Articles

Trump Invited This Indictment

June 15, 2023
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America has been plunged into an unprecedented crisis by the indictment of Donald Trump on 37 felony counts, including obstructing an investigation, making false statements, and 31 violations of the Espionage Act for the unlawful retention of national-defense secrets. 

Unlike Manhattan District Attorney Alvin Bragg’s charges of falsifying business records, this indictment is devastating in its rigor of evidence and the seriousness of the alleged crimes. Even so, the case will further tear our country apart, as it has a heavy impact on the presidential campaign and—wrongly—undermines confidence in our justice system. 

The blame for this calamity rests solely on Mr. Trump and his childish impulse to keep mementos from his time in the Oval Office, no matter what the law says.

One of the relevant statutes is the Presidential Records Act, which states that “the United States shall reserve and retain complete ownership, possession, and control of presidential records.” The PRA defines these in the most expansive way imaginable. Essentially every scrap of paper, text or email the president or his staff creates or receives is a presidential record, except his personal diary, private political materials unrelated to the presidency, and campaign papers.

None of that apparently mattered to Mr. Trump. Before he left Washington in January 2021, he ordered a fleet of trucks to carry away hundreds of boxes of letters, reports, memos and other documents he’d received as president. The indictment says these included information about “defense and weapons capabilities” of both the U.S. and foreign countries, American nuclear programs, our and allies’ “potential vulnerabilities . . . to military attack,” and “plans for possible retaliation” to an attack.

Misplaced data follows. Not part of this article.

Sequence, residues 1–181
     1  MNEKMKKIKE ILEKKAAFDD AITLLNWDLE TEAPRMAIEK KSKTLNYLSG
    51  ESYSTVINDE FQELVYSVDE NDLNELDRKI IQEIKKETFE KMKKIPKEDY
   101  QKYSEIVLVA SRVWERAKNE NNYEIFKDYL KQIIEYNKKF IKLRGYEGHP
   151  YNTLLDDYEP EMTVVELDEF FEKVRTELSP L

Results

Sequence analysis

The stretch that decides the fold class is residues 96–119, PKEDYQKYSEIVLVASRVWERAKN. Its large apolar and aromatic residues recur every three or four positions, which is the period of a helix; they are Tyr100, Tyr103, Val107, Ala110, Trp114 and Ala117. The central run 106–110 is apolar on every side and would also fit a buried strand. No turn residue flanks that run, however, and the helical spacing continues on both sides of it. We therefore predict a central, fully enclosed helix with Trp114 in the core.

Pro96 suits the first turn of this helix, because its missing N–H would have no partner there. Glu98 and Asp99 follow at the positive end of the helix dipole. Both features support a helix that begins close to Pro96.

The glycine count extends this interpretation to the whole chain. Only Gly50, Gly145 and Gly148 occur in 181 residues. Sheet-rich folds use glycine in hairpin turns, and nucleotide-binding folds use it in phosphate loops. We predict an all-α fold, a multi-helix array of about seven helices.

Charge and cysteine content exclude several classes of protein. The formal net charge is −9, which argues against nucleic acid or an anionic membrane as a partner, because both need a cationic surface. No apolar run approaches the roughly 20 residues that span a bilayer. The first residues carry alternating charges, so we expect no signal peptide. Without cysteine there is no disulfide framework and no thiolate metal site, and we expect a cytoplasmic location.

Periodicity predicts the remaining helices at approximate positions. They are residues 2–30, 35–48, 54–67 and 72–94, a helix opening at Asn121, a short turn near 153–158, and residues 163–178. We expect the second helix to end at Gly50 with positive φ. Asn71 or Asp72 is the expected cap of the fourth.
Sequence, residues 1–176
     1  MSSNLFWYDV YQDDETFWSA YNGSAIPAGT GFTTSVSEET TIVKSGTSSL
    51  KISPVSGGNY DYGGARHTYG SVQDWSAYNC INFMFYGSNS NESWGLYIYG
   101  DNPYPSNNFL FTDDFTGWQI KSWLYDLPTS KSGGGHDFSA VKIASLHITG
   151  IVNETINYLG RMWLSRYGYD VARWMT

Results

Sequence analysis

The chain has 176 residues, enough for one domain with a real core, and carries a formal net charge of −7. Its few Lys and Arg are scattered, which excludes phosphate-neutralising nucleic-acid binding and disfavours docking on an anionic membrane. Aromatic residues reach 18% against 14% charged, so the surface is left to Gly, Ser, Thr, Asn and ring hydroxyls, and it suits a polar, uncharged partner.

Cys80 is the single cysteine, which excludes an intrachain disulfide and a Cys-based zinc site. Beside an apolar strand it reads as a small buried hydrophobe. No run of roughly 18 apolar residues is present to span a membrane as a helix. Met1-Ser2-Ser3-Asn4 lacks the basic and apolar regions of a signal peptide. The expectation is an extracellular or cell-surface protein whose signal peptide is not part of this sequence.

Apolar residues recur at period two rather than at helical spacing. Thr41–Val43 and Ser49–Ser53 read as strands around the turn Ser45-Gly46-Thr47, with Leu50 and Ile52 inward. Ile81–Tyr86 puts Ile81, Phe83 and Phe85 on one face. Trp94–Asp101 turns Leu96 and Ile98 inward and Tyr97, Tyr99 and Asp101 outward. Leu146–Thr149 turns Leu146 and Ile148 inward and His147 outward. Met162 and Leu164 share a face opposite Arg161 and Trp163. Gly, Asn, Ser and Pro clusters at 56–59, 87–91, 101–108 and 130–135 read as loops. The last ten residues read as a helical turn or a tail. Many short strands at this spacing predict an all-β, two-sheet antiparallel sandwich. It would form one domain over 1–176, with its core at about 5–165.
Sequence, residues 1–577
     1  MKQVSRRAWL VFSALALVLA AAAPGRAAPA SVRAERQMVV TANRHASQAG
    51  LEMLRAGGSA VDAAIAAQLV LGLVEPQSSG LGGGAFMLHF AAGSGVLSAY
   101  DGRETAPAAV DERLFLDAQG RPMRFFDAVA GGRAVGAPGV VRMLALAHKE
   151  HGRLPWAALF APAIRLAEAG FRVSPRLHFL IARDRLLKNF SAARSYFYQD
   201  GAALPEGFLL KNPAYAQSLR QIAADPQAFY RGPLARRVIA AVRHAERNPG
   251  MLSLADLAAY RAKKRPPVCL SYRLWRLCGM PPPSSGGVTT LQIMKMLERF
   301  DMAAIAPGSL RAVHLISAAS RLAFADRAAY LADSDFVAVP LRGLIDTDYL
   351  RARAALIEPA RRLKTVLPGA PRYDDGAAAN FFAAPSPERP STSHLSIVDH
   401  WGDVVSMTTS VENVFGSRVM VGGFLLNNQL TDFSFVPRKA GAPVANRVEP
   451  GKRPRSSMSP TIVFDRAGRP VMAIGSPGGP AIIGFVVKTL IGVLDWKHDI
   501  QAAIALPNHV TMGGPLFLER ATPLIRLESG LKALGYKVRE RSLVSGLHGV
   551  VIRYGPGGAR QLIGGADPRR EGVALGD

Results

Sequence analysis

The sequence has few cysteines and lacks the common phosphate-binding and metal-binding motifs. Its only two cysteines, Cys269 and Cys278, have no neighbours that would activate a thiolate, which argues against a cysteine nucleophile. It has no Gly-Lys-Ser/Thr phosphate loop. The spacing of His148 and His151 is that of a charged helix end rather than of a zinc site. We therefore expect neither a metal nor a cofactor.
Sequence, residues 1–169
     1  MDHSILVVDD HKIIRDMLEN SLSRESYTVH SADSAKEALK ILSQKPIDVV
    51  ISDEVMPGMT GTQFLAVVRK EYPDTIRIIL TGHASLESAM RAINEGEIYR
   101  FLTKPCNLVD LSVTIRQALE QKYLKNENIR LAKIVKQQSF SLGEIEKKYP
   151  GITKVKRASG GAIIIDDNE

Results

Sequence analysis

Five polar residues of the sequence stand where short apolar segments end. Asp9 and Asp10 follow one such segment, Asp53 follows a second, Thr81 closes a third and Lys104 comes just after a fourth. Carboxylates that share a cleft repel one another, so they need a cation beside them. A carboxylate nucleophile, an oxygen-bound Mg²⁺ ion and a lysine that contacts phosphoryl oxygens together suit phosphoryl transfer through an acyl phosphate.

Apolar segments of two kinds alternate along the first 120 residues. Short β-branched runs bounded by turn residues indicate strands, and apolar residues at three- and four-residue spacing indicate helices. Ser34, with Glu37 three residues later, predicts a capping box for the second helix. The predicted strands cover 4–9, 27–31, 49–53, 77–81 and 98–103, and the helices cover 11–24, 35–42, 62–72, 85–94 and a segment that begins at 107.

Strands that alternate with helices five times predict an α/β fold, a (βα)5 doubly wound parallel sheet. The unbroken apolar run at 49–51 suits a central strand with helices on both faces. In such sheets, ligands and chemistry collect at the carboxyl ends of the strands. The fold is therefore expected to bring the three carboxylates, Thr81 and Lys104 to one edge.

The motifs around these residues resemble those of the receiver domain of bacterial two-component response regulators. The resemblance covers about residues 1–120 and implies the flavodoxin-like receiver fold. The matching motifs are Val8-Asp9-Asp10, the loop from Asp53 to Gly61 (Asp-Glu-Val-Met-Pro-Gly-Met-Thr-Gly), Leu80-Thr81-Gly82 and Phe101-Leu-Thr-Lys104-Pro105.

Those documents didn’t belong to Mr. Trump, and he surely knew that. The president’s lawyers and staff must have warned him he couldn’t take the files. His top aides with security clearances had been made well aware of classified documents’ sensitivity, having all signed acknowledgments “that the unauthorized disclosure, unauthorized retention, or negligent handling” of classified information “could cause irreparable injury” to the country, for which the government “may seek any remedy available.”

It also had to have been explained to Mr. Trump that the White House Office of Records Management kept a list of the documents he received and the National Security Council maintained a log of the classified documents he saw. He must have known these inventories would be shared with the National Archives and Records Administration, so that NARA would know if he improperly took documents. 

That’s why in May 2021 the archives began requesting their return. When Mr. Trump sent some records back in January 2022, NARA knew he had more. When his lawyers said in June 2022 that after a “diligent search,” all remaining “responsive documents” had been returned, the Federal Bureau of Investigation knew that wasn’t true. It took a search warrant two months later to collect the rest of them.

Mr. Trump says there’s no criminal penalty for violating the Presidential Records Act. That’s true, but it only highlights how damning his behavior was. Congress thought a law so simple and clear would be honored by anyone entrusted with the presidency. Instead of living up to his office, Mr. Trump treated it and America’s national security flippantly, taking thousands of presidential records, among them hundreds of highly classified documents. It should have been evident to anyone who once occupied the Oval Office that documents containing some of the nation’s most important secrets shouldn’t be treated as trophies, shared with private guests, discussed with political associates or stored in bathrooms or ballrooms. Any staffer found guilty of doing that would go to prison for breaking the laws protecting the nation’s secrets, as Mr. Trump is now charged.

America has been plunged into an unprecedented crisis by the indictment of Donald Trump on 37 felony counts, including obstructing an investigation, making false statements, and 31 violations of the Espionage Act for the unlawful retention of national-defense secrets. 

Unlike Manhattan District Attorney Alvin Bragg’s charges of falsifying business records, this indictment is devastating in its rigor of evidence and the seriousness of the alleged crimes. Even so, the case will further tear our country apart, as it has a heavy impact on the presidential campaign and—wrongly—undermines confidence in our justice system. 

The blame for this calamity rests solely on Mr. Trump and his childish impulse to keep mementos from his time in the Oval Office, no matter what the law says.

Read More at the WSJ

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